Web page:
…Jacobs quotes with approval Stanley Tankel… “We will have to admit that it is beyond the scope of anyone’s imagination to create a community. We must learn to cherish the communities we have, they are hard to come by.”
…[T]here is little doubt that [Jacobs] has put her finger on the central flaws of hubris in high-modernist urban planning. The first flaw is the presumption that planners can safely make most of the predictions about the future that their schemes require… Second, thanks in part to Jacobs, we now know more about what constitutes a satisfactory neighborhood for the people who live in it, but we still know precious little about how such communities can be fostered and maintained. Working from formulas about density, green space, and transportation may produce narrowly efficient outcomes, but it is unlikely to result in a desirable place to live. Brasilia and Chandigarh, at a minimum, demonstrate this. (p.144-145)
Wendell Cox: “METROPOLITAN DENVER AT RISK: How Densification Will Intensify Traffic Congestion, Air Pollution and the Housing Affordability Crisis”
What is in vogue is not always correct…
Planners and architects in the 1950s thought that 20-story public housing projects were the answer — the same projects that are being imploded around the country today…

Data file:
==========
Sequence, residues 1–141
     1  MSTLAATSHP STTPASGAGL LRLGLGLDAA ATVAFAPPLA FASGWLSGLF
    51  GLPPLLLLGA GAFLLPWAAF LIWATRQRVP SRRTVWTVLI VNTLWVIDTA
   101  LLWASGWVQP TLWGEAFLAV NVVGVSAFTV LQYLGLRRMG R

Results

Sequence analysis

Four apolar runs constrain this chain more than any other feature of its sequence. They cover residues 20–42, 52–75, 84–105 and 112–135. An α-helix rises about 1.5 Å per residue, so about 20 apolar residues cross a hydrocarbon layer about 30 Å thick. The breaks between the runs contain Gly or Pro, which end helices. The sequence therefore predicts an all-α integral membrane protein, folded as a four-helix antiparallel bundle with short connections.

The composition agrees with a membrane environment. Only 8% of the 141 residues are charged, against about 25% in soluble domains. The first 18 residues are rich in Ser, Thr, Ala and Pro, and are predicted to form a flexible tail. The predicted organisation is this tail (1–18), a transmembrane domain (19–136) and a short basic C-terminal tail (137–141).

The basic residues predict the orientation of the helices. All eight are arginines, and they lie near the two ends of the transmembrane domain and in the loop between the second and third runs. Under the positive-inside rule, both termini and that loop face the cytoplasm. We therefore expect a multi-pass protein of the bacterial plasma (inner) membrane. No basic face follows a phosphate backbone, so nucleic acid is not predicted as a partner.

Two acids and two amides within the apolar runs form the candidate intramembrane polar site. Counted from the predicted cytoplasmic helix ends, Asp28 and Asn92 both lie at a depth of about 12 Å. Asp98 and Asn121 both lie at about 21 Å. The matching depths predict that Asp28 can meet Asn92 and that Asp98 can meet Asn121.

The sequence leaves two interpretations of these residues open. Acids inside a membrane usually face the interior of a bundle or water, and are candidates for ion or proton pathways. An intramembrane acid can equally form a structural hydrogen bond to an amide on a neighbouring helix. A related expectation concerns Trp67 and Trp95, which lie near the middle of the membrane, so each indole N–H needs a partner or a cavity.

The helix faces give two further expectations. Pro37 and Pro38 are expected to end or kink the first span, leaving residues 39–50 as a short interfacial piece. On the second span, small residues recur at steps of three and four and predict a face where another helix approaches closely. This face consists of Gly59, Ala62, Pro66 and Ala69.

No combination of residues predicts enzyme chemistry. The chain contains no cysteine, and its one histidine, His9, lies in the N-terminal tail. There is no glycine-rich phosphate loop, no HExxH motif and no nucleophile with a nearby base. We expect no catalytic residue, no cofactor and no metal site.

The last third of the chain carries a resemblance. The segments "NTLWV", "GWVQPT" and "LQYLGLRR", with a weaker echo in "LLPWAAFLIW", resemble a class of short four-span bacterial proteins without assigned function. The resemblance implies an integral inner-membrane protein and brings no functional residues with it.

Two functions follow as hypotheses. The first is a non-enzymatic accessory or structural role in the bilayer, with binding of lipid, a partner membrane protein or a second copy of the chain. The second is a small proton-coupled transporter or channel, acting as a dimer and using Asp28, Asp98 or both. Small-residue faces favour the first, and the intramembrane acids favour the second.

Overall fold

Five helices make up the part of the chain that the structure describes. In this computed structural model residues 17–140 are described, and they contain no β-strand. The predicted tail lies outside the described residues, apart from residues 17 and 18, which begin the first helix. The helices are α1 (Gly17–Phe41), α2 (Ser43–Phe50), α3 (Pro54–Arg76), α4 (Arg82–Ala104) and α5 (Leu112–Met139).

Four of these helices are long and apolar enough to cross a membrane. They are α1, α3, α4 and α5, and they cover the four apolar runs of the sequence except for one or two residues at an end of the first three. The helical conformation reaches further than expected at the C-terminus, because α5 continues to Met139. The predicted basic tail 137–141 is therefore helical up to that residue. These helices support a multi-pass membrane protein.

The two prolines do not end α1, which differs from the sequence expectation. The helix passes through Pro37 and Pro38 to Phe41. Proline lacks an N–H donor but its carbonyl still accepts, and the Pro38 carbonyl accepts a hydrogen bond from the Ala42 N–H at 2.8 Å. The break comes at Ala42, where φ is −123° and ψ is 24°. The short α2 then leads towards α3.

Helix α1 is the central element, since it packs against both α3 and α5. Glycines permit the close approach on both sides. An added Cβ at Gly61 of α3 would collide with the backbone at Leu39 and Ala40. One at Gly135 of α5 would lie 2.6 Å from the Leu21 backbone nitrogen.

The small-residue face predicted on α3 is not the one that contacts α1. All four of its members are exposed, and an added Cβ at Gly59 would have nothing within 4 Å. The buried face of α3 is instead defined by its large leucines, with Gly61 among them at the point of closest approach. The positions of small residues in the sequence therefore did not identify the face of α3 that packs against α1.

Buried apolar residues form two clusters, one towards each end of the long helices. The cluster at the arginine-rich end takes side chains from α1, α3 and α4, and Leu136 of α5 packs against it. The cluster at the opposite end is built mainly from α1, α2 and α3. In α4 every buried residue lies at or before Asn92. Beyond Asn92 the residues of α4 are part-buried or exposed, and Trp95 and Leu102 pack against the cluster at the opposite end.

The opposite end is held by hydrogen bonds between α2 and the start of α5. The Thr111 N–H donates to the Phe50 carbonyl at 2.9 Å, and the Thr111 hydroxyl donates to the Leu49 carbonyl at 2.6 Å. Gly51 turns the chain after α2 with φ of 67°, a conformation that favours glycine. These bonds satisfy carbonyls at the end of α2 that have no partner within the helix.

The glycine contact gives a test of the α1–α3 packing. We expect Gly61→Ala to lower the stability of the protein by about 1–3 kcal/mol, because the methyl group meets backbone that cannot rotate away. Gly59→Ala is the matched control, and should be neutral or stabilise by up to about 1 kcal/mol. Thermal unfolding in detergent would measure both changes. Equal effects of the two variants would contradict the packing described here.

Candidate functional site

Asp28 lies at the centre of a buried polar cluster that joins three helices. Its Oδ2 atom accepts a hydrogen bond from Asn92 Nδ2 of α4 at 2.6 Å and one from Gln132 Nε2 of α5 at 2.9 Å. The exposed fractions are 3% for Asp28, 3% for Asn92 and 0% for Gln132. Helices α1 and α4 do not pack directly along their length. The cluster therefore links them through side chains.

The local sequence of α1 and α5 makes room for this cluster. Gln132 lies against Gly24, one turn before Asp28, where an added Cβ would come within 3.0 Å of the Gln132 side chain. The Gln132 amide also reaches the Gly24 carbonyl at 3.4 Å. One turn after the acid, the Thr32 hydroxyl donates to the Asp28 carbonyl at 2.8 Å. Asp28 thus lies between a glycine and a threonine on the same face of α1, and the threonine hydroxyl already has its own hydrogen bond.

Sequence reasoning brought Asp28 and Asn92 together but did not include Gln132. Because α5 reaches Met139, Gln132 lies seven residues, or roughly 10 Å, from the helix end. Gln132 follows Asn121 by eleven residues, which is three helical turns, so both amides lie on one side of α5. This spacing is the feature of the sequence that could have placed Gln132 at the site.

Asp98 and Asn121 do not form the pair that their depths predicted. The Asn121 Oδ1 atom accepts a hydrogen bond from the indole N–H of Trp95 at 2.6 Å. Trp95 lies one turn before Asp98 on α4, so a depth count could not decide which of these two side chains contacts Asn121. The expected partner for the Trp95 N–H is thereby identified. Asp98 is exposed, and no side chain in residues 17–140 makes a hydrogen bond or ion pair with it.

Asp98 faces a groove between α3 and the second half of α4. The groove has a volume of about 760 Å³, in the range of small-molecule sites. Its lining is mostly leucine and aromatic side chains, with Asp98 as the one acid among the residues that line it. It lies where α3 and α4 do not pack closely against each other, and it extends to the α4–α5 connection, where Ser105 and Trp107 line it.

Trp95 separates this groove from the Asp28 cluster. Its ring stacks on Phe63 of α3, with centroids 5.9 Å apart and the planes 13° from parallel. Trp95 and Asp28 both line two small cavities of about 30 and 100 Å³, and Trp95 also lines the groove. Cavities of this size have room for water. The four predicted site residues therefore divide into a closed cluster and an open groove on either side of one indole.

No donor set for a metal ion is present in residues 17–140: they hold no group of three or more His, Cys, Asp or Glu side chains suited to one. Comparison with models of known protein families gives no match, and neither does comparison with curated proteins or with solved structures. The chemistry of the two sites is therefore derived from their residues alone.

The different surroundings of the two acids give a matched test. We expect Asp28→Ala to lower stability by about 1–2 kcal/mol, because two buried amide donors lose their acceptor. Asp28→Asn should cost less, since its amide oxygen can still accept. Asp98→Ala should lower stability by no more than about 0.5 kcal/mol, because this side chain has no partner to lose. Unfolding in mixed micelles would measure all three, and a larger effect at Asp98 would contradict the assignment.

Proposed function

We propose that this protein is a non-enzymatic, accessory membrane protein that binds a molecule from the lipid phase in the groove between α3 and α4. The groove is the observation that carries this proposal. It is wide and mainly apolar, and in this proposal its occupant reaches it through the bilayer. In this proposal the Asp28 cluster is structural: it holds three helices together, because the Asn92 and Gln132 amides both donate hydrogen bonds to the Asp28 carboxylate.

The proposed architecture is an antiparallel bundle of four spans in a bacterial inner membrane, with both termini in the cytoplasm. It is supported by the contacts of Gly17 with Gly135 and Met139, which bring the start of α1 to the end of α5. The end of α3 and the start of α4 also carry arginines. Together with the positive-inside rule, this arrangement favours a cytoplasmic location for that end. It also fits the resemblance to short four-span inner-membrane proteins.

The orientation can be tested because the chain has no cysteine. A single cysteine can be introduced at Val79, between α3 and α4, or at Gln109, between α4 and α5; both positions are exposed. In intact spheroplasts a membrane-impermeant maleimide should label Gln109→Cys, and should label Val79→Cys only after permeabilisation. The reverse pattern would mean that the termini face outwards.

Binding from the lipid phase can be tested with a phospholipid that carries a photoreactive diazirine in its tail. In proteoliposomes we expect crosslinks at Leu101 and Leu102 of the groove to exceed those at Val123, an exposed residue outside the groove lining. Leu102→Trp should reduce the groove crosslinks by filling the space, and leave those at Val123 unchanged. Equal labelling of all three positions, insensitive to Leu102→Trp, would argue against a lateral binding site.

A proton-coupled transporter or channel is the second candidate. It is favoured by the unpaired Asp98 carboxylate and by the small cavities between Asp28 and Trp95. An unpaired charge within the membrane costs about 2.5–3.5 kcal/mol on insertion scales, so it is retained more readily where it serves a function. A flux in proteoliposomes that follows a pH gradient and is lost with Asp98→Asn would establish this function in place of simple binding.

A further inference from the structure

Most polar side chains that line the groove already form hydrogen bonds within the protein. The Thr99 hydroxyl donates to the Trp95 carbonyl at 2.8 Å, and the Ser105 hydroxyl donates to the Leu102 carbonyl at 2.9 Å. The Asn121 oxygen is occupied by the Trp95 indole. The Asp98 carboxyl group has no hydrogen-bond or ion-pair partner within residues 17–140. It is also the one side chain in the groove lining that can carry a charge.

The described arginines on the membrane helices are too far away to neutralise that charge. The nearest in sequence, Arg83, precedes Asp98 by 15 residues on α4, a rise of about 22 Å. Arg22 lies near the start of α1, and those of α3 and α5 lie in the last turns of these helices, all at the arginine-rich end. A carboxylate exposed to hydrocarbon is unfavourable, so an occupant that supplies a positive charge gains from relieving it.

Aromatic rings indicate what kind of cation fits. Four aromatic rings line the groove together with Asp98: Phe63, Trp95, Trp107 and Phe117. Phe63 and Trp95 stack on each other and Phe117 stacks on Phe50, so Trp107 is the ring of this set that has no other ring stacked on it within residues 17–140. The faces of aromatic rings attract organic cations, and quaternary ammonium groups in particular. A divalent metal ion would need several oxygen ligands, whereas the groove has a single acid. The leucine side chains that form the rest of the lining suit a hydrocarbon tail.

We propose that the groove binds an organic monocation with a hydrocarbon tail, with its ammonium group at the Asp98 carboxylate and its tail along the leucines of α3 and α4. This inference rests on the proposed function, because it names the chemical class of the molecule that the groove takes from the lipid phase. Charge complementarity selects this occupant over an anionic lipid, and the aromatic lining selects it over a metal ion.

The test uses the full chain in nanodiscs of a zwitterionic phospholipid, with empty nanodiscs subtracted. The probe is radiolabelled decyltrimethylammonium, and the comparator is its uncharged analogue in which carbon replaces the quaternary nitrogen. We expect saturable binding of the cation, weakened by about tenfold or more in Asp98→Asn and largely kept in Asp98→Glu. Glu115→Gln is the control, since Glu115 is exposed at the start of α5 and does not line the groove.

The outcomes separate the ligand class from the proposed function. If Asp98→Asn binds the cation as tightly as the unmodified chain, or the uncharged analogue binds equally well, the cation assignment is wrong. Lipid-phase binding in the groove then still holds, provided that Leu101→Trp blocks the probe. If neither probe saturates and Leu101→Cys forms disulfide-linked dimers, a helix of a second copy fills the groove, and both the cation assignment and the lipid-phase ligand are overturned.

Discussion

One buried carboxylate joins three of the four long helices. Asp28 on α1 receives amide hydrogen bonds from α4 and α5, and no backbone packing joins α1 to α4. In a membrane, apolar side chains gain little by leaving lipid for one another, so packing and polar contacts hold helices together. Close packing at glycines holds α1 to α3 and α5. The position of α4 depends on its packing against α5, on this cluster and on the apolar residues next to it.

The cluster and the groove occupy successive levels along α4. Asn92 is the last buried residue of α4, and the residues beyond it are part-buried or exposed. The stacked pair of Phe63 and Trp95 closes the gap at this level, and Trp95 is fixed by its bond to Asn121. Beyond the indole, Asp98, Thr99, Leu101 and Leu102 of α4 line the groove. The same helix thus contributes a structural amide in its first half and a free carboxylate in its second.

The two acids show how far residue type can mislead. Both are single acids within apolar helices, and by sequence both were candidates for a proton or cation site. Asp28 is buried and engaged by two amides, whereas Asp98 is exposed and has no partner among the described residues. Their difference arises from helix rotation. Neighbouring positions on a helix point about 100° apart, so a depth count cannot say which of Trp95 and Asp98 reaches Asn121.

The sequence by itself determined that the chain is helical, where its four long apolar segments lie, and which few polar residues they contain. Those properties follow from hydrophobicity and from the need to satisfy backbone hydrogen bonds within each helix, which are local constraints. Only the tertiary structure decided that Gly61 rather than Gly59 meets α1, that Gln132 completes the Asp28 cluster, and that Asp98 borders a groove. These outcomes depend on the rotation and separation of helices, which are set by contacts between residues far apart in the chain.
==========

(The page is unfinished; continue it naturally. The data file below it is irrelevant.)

Energy Intensity Less in Single-Family Homes Than High-Rises
An implicit assumption in many of the briefs for Smart Growth is that multi-unit dwellings are more resource-efficient than single-family homes. However, Department of Energy Tables show that this is not true, at least not on the basis of energy per square foot of living space.
Metro Portland’s Long Experience with Smart Growth: A Cautionary Tale
Restrictive growth policies actually caused increased suburbanization in Portland, which now has the 10th greatest suburbanization rate in U.S. As home prices went up in the site-restricted metropolitan area, families moved further out to find affordable housing. Portland actually has rates of suburbanization that are close to that in metropolitan areas with so-called “white flight” and other central city problems. This phenomenon increases vehicle miles traveled as it lengthens commutes…
Denser multi-family housing requires more costly construction techniques, further increasing the cost of housing…
The notion that potential homeowners would prefer to pay the higher cost of high-density housing as an alternative to the traditional home/yard/neighborhood environment style of raising families is wrong. The percentage of families moving to the Portland area that buy or rent within the UGB [Urban Growth Boundary] has fallen dramatically since site restrictions were implemented…
Randal O’Toole: “The Folly of ‘Smart Growth'”
…despite the shortage of single-family housing, Portland residents have failed to embrace Metro’s high-density developments…